These are some of the questions we’ll be asking our Advisory Board and people who come to our meeting next Monday. They are important questions, so if you can’t come yourself, please pass this invitation to anyone you think might be interested.
To get you prepared, here are the notes on our last meeting back in May and before the 2018 Festival – WMN AB minutes May 2018 – and if you want to keep up to date with all the things we do at the Welcome Centre, here’s our WMN Report October 2018
Want to ask a question? Get in touch?
We are excited to let you know that the Whistler Welcome Centre is starting a new 4-week program; Getting Started. This program is for people who are new to Whistler. It will provide information on how to get set up – for example, where to go to get your driving license, your travel insurance, your Medical coverage, where you can get help to find a job… and give you an opportunity to practice your English in a friendly, no pressure environment. Getting Started will help you
The Getting Started in Whistler program will run for 4 weeks in November – and places are limited, make sure to sign up soon….
Want to register? Have questions? Contact Izumi Inoue or Bekah Jones at email@example.com or call 604.698.5960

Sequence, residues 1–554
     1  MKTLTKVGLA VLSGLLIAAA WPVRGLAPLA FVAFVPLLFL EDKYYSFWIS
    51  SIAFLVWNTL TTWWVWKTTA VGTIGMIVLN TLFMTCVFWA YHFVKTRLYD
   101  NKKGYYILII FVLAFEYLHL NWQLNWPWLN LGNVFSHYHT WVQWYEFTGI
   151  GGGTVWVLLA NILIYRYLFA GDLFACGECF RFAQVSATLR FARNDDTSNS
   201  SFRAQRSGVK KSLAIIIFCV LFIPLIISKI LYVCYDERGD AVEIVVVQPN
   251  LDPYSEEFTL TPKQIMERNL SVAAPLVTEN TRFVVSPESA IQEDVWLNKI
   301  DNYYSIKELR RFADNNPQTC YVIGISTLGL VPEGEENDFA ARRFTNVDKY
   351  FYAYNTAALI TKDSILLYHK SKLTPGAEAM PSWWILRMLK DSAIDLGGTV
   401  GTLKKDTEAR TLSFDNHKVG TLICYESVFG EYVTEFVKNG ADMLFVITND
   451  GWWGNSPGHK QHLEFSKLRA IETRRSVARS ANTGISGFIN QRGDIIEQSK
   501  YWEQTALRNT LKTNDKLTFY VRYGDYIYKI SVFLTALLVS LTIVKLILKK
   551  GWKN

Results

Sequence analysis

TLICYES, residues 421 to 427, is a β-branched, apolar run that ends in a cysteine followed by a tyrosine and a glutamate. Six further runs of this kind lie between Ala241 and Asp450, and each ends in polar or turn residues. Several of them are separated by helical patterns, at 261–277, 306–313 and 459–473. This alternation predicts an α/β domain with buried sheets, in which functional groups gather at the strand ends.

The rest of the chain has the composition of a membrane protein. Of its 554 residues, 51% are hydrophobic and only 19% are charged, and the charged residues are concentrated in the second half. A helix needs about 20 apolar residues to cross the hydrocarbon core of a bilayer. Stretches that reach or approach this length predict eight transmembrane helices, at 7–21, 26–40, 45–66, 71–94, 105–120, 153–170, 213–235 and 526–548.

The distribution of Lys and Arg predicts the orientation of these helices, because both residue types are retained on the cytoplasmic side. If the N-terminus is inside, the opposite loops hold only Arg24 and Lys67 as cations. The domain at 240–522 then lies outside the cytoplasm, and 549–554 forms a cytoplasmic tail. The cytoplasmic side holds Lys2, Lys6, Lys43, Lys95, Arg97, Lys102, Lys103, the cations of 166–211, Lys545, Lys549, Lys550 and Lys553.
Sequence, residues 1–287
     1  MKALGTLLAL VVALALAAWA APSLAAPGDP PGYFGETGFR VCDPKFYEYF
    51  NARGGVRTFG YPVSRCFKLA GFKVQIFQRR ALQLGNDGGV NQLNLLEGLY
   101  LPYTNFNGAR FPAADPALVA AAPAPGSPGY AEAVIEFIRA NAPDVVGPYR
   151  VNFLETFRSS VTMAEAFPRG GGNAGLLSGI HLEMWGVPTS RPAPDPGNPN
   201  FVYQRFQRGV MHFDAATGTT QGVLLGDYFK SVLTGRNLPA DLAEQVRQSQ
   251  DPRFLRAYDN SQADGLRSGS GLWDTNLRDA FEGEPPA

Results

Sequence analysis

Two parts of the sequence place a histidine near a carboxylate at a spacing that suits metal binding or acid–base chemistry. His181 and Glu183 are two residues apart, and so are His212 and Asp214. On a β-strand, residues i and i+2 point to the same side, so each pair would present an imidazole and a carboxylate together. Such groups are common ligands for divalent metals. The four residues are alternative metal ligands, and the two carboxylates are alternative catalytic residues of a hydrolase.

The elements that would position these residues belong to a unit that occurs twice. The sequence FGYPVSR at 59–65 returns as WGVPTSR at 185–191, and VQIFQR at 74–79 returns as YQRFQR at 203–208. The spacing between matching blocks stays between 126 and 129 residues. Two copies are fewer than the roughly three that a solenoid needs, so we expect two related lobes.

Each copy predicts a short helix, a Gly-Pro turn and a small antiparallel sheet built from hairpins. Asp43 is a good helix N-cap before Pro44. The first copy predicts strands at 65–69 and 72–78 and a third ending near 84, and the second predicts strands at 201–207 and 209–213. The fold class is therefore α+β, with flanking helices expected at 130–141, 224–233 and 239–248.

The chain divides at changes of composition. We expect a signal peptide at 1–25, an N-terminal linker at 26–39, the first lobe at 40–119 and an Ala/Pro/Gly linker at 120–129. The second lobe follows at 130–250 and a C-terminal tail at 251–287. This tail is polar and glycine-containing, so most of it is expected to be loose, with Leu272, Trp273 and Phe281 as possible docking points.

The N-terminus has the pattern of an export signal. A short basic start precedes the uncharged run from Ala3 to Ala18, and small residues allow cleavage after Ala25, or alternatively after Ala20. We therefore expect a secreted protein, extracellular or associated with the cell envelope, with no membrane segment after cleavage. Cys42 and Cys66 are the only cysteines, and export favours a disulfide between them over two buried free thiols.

Kale you either love or hate! Would you like to know how to eat the whole bunch of kale so all your family will enjoy it and it will be gone before you know it?
Izumi, originally from Japan, has taught us how to prepare soy and sesame kale chips at our Healthy snacks workshop. Yum! It’s a very easy and healthy substitute for regular chips. She prepares it for her daughters quite often and if there are any leftovers, Izumi leaves the chips and stores for later on as an ingredient to be added to rice, soups and other meals.
Recipe for 4 people:
If you would like to give back by helping other newcomers or community members develop their language skills, and adapt to life in Whistler, then why not volunteer as an ESL or literacy tutor?